2

Jews who identify themselves as Reform or Conservative with regard to their religiosity are not statistically significant and do not play a role as groups in Israeli politics.

335

Kalman Neuman

[T]he religiosity-secularism dimension is the most important factor in determining the positions of the public regarding the Oslo process, as well as other aspects of the peace process. Religiosity, it appears, is more influential in the area than socio-demographic factors such as education, ethnic background, age, gender, income etc. The polls of the peace project show consistently that the religious-secular dimension is the most important factor in determining the positions of the public regarding the peace process. This element is more influential than factors such as education, land of origin, age, gender, income etc. (Hermann and Ya’ar-Yuchtman 1998, 63) This rift continues to influence Israeli politics. Regarding Israeli society as a whole, it is thought that there has been a convergence of public opinion into the center—an acceptance of some version of the two-state solution merged with skepticism about the chances of reaching a final status agreement with the Palestinians. For example, the War and Peace Index of April 2008 (Yaar and Hermann 2008) showed that 70% of Israeli Jews support the two-state solution while only about 26% believe that negotiations with the Palestinians will lead in the coming years to peace.3 On the other hand, a different survey from March 2008 found 82% of those who define themselves as religious against the establishment of a Palestinian state (Dor-Shav 2008). Therefore, it is not surprising 3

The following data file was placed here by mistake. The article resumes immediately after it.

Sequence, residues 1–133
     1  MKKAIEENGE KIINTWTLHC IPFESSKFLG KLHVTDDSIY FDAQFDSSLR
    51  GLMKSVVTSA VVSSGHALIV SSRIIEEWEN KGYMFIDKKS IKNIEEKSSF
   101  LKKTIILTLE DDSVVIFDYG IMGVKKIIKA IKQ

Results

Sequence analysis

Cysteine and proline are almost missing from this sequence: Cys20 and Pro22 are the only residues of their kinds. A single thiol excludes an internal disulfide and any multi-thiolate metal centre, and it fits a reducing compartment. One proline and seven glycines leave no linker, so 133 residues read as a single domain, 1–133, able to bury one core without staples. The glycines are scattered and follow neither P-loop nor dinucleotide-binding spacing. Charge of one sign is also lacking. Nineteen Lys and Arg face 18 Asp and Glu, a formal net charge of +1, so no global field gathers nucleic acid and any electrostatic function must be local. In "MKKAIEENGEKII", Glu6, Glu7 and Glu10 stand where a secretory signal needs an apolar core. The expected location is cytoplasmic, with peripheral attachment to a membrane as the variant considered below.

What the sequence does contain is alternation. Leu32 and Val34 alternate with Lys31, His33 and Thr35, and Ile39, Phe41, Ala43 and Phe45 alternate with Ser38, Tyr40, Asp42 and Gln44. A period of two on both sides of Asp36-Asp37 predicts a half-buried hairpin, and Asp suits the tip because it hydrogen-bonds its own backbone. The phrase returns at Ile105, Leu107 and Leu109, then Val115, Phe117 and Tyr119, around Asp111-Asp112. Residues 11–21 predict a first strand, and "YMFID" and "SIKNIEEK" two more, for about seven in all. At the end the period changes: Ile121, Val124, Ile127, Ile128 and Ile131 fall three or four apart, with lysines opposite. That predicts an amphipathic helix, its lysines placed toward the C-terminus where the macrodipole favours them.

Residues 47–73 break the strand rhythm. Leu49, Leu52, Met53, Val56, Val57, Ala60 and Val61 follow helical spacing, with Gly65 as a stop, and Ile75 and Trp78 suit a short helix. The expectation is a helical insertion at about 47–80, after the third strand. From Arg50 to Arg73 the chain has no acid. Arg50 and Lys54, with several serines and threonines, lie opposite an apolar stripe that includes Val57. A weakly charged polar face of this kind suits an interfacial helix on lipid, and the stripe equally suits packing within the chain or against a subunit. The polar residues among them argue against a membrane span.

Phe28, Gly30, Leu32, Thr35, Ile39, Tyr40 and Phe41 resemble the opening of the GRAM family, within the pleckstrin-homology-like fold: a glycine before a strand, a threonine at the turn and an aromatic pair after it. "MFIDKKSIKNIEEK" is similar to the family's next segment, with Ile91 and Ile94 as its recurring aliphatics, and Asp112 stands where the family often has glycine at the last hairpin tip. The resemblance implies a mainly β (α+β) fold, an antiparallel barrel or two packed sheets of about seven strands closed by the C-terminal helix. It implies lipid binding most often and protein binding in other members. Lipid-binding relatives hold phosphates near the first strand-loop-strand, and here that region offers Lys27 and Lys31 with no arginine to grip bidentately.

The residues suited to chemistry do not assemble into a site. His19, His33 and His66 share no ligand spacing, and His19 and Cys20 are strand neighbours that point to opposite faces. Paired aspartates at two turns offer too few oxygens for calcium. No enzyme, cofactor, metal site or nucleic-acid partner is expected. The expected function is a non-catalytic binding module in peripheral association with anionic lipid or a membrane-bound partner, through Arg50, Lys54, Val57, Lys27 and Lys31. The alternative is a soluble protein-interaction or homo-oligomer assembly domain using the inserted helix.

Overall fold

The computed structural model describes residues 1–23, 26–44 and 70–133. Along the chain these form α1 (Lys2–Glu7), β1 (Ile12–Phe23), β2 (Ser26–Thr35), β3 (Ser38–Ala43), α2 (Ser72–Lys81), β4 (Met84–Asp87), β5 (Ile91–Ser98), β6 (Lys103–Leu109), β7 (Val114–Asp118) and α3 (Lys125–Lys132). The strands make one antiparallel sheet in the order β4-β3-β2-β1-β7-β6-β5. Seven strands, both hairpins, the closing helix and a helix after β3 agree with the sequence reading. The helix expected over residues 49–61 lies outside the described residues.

336

See Waxman (2008) who describes this convergence. His conclusions may have to be rethought in light of the 2009 elections which were interpreted by some as a rejection of the two-state solution. However, see the March 2009 War and Peace index (Yaar and Hermann 2009) in which 56% of the Jewish population say that the government should work toward such a solution.

The Dilemma of the Religious Right in Israel

that religious voters vote overwhelmingly for right-wing parties— mostly for the Likud, the National Religious Party (NRP), and the National Union (Ha-Ihud Ha-Leumi)—while only some 15% of the religious sector votes for center-left or left-wing parties—Kadima, Labor (which in recent elections included the dovish religious party Meimad) or Meretz (see Cohen 2007, 340). Of course, the Israeli right is not of one cloth. There is a pragmatic right, which emphasizes security considerations and distrust of Arab intentions, but is willing to consider limited concessions and is afraid of jeopardizing relations with the United States. Within the religious right, however, there is an ideologically committed group, which is absolutely opposed to any withdrawals. They see any evacuation of settlements as absolutely proscribed for religious reasons. This ideological hard core is perhaps a numerical minority within the community, but the influential Religious Zionist rabbinic and educational leadership overwhelmingly supports its positions. In addition, the numbers of Religious Zionists in settlements over the Green Line, and their social networking with their counter parts within Israel, amplify the commitment of the community to the settlement project. The rigid ideological aspect of the opposition to withdrawal dictates the political positions of the Israeli religious right. Analogous to the religious right in the United States, in which the issue of abortion is dominant, the Israeli religious right ultimately evaluates all political phenomena by this one criterion. An example of this is the list of endorsed candidates for local office circulated by one right-wing group, which included only those who opposed the 2005 disengagement from the Gaza Strip, despite the irrelevance of the disengagement to municipal issues (Eyadat 2008). A political issue is thus a central focus of the religious identity of many Religious

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Kalman Neuman